Brownlow Medallist, Healy has been a harsh critic of the "rolling mauls" this season and hammered McLachlan.

"I think there was a general consensus in the industry that Friday night (Richmond v Sydney) wasn't the greatest of games," McLachlan conceded.

"But there were some great games of football on the weekend.

Healy countered, saying "the bad side of football has never been worse".

"The great side has never been better, there will always be bad games of footy," McLachlan said.

"I'm not going to buy into all this doom and gloom. Yes, there are bad games, our supporters know there are bad games.

"The scrutiny is extraordinary. We all want Friday night to be a showcase event."

Ben Howlett celebrates his controversial goal. Picture: Colleen Petch. Source: News Corp Australia

The goal review system is also in the news after the weekend and McLachlan admitted the Jack Ziebell goal decision was incorrect.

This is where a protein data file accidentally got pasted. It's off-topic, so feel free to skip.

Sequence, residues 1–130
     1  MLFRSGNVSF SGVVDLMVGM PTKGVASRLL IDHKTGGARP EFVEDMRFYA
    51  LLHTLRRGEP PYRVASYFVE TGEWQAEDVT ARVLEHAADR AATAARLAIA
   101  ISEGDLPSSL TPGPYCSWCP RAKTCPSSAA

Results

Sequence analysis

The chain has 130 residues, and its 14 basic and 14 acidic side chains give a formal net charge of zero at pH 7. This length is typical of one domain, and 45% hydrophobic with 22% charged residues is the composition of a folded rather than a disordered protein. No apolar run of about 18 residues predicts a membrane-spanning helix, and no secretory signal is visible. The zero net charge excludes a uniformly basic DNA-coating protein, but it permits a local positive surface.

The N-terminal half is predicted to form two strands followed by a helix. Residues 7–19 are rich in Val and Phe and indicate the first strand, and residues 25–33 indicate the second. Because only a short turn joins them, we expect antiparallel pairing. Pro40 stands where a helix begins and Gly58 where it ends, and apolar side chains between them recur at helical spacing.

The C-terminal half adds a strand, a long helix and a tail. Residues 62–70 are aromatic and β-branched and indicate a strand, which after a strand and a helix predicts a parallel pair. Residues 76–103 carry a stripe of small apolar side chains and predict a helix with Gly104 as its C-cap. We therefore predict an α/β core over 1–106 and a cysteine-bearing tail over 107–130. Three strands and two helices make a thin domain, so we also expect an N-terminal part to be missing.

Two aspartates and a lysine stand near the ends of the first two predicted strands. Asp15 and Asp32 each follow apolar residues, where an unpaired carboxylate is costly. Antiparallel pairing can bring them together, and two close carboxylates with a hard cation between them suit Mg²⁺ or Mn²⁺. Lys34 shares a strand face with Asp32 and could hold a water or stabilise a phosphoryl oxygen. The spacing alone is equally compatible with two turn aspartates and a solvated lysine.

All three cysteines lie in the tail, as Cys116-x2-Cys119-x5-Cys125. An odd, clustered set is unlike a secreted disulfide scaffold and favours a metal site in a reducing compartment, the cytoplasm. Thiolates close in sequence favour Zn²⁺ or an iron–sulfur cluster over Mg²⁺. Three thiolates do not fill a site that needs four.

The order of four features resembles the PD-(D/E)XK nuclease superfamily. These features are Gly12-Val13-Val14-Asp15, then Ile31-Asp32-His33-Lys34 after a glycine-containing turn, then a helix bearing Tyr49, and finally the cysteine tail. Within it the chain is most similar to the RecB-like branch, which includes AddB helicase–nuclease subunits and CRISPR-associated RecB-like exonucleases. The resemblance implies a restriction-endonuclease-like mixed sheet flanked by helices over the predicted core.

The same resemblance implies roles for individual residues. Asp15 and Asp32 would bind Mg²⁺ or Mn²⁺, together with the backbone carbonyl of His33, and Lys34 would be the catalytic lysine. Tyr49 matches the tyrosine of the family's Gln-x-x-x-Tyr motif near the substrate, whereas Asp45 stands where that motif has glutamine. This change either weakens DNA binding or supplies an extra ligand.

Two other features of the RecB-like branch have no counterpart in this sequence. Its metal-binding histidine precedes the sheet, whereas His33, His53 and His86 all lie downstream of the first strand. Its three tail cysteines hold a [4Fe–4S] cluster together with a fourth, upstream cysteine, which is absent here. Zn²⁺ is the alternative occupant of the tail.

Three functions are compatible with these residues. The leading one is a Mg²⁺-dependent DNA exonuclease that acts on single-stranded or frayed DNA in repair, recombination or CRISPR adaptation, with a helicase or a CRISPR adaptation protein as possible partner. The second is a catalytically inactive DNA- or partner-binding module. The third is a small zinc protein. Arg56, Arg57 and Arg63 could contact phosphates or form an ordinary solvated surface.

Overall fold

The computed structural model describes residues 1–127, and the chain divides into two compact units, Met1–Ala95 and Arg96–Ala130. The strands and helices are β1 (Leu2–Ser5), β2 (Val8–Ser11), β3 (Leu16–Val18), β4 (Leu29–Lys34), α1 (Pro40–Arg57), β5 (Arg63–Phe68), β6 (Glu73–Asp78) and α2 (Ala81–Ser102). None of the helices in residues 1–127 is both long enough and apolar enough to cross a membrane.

"What they do, every goal is reviewed by the time they get back to the centre," he said.

"I'm happy with (the Essendon) one. I reckon that's the right call.

"The Kangaroos one, that was wrong. I sit there as a fan and I don't like the delay and I don't like the fact it was a wrong decision."

Finally, the boys asked about Good Friday football and whether it would be on the calendar in 2015.

"Everyone has taken that it's a given for next year. I don't think it is a given," he said.

"Given the sensibilities, you want to make it a winner and I don't know if we can make that work given next year will probably be Round 1.

"I'm a believer that you need a good game with top four to six style teams, I don't think it has been be a big powerhouse team.

"If it is Sydney-Port Adelaide in Sydney, then that's a great contest. I don't think we need to be locked into a Bulldogs-Kangaroos or Essendon-whoever."

Jonathan Brown with daughter Olivia, wife Kylie and son Jack. Picture: Jono Searle. Source: News Corp Australia


JONATHAN Brown's retirement continued to dominance the airwaves on Monday night.

One of the greatest centre half-forwards of the modern era, Wayne Carey, believed Brown was right up there when talking about the best in the position.

"He was a sensation," he said.

"I rate him right up there with the very best I saw at centre half-forward - obviously Kernahan, Loewe, Tredrea, Riewoldt.